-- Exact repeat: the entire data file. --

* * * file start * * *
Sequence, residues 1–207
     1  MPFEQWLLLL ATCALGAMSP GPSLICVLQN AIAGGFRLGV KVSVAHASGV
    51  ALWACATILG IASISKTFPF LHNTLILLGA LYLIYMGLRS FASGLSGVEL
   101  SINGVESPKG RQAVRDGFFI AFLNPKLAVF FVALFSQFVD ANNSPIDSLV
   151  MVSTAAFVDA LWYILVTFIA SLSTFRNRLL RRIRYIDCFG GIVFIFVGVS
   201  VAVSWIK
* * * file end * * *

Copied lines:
Sequence, residues 1–207
     1  MPFEQWLLLL ATCALGAMSP GPSLICVLQN AIAGGFRLGV KVSVAHASGV
    51  ALWACATILG IASISKTFPF LHNTLILLGA LYLIYMGLRS FASGLSGVEL
   101  SINGVESPKG RQAVRDGFFI AFLNPKLAVF FVALFSQFVD ANNSPIDSLV
   151  MVSTAAFVDA LWYILVTFIA SLSTFRNRLL RRIRYIDCFG GIVFIFVGVS
   201  VAVSWIK